Since February, Romney has attended nine events for senatorial candidates, appeared at more than a dozen rallies or fundraisers for those running for governor this year or next, and spoken at almost two dozen meetings of Republican Party groups or conservative organizations. And he has finished a new book.
"I know there will also be inquiries by Congress, and there should," Obama said in his weekly radio and Web address. "But all of us should resist the temptation to turn this tragic event into the political theater that sometimes dominates the discussion here in Washington. The stakes are far too high."
Obama has already ordered leaders of the military and intelligence community to complete a full review of the incident, and offer recommendations on ways military security might be improved.
"If there was a failure to take appropriate action before the shootings, there must be accountability," Obama said Saturday. "Beyond that – and most importantly – we must quickly and thoroughly evaluate and address any flaws in the system, so that we can prevent a similar breach from happening again."
Next Thursday, the Senate's Homeland Security Committee will hold a hearing to assess the events leading up to Major Nidal Malik Hasan's shooting rampage that killed 13 people.
WASHINGTON (CNN)– Candidates and outside groups in New Jersey's highly contested gubernatorial race have spent nearly $37 million dollars on advertising since May.
Incumbent Democratic Gov. Jon Corzine's campaign tops the charts spending nearly $19 million dollars on 10,161 advertisements compared to the nearly $9 million spent by Republican challenger Chris Christie. Independent candidate Chris Daggett has spent $257,447 on advertisements in the state according to analysis by TNSMI-CMAG, CNN's consultant on political advertising.
Corzine, who is estimated to be spending nearly $2 million a week on advertising has been increasingly negative in his ads, a move seen by many as a means to close the gap in the polls.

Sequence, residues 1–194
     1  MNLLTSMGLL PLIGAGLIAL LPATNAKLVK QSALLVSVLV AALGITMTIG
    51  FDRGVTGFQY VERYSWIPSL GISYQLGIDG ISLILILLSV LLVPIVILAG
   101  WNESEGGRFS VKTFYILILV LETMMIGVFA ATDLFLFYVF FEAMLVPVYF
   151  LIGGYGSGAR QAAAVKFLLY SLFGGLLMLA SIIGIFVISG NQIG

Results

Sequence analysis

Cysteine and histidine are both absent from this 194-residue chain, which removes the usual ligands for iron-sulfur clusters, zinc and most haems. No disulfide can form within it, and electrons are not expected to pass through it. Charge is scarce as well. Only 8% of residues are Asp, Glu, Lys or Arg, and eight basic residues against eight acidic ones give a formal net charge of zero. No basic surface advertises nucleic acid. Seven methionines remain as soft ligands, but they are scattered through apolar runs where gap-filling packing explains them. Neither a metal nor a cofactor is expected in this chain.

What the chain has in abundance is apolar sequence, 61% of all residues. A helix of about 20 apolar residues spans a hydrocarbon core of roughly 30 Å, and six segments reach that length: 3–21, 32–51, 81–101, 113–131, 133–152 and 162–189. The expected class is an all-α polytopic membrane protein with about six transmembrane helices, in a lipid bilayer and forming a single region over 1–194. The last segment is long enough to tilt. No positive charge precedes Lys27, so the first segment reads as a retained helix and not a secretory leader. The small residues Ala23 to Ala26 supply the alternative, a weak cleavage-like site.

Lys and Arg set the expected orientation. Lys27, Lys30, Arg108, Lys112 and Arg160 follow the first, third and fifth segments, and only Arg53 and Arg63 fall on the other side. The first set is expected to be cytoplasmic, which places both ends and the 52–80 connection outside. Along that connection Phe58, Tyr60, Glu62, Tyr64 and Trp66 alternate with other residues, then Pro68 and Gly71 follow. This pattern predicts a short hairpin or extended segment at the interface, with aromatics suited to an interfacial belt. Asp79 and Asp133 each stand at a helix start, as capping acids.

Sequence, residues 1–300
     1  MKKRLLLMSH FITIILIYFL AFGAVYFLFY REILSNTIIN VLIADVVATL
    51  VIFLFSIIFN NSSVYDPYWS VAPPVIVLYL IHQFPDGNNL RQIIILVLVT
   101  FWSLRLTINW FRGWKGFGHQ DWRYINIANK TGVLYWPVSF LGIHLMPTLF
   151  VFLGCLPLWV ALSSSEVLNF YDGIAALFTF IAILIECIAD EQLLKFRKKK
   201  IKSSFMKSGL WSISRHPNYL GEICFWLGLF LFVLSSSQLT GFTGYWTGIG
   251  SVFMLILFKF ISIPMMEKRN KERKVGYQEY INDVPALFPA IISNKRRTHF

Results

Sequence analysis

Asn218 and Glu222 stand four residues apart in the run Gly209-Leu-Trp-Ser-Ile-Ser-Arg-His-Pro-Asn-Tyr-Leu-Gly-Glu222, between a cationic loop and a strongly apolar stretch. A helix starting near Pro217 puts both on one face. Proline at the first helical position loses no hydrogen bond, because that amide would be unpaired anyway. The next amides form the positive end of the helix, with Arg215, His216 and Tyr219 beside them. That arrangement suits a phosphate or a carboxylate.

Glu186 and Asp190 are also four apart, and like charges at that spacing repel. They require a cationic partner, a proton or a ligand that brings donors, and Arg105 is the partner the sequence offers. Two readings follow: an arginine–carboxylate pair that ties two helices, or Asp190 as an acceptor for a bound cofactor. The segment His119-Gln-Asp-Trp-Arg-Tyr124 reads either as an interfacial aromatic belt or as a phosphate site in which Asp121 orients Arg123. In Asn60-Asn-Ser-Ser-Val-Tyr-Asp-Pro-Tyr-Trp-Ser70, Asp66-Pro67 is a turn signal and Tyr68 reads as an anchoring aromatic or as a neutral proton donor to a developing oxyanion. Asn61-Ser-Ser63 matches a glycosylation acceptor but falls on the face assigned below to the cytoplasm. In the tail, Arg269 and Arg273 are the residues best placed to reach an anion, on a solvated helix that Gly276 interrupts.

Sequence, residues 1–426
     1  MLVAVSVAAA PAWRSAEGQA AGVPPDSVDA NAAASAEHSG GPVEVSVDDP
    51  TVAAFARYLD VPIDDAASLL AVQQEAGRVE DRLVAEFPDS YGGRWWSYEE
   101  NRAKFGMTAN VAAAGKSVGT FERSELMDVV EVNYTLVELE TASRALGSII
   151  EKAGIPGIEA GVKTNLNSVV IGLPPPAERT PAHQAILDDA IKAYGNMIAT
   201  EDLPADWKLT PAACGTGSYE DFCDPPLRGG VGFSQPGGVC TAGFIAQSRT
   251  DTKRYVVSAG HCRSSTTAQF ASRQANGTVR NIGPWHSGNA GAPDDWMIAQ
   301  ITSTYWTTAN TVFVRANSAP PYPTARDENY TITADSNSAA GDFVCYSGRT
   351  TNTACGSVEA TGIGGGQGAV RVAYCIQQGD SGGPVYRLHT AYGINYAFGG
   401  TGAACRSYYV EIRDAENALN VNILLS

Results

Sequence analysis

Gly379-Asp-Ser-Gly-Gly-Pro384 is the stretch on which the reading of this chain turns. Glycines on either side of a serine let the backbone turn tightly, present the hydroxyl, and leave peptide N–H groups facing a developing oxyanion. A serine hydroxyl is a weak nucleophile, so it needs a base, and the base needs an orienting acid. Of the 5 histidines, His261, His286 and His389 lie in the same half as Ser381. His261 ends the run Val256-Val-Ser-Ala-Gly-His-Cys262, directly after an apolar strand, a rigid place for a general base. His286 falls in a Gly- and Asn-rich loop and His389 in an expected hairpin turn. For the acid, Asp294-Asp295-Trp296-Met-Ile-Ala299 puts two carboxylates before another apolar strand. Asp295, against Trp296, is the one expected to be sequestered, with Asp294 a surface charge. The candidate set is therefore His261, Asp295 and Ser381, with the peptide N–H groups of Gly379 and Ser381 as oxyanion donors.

Evan Tracey, of TNSMI-CMAG, said according to his analysis, Corzine is well on track to spend more than $20 million by Tuesday when voters head to the polls.
The Republican Governors Association is lending a helping hand to Christie, spending just over $5 million on 6,032 advertisements. The Mid Atlantic Leadership Fund, a Washington based firm which usually backs Democratic candidates, has spent nearly $2 million on behalf of Corzine's campaign for re-election.
Late October polls show Corzine and Christie polling neck-and-neck, while Independent candidate Chris Daggett continues to make gains, primarily peeling support away from the Republican challenger.
WASHINGTON (CNN)– In New York's 23rd congressional district, Democratic candidate Bill Owens is capitalizing on Republican candidate Dede Scozzafava's last-minute decision to drop out of the special election as a final opportunity to tie Conservative Party candidate Doug Hoffman to former President Bush.
In a statement released by his campaign, Owens praised Scozzafava for her dedication as a public servant, but said his focus in the final days remains on showing voters the contrast between himself and Hoffman.
"Voters have a clear choice on Tuesday: they can elect to go back to the George Bush economic agenda, or they can vote to move forward," Owens said. "Doug Hoffman and the Club for Growth's extremist agenda won't do a thing to get our economy moving again. "...I will fight to turn the page on that agenda. I will work to create jobs Upstate to get our economy back on track because that is the type of leadership we need right now in Congress."
Vice President Joe Biden is heading back to New York's 23rd congressional district Monday to campaign for Owens the day before the special election.
Biden, who also campaigned with Owens in September, will appear in Watertown. Earlier this month, President Obama made an appearance at a fundraiser for Owens in New York City.
– CNN's Shirley Zilberstein and Paul Steinhauser contributed to this story.
WASHINGTON (CNN)– Republican National Committee Chairman Michael Steele quickly endorsed Conservative Party candidate Doug Hoffman in New York's 23rd congressional district Saturday, after Republican Dede Scozzafava's late decision to drop out of the special election.
Steele, who formally endorsed Scozzafava earlier this week, commended her decision to bow out of the race.
"This selfless act of releasing her supporters provides voters with the opportunity to unite around a candidate who shares Republican principles and will serve the interests of his constituents in Congress by standing in opposition to the liberal policies of President Obama and Speaker Pelosi," Steele said in a statement released by the Republican National Committee.
"Effective immediately, the RNC will endorse and support the conservative candidate in the race, Doug Hoffman. Doug's campaign will receive the financial backing of the RNC, and get-out-the-vote efforts to defeat Bill Owens on Tuesday," he said.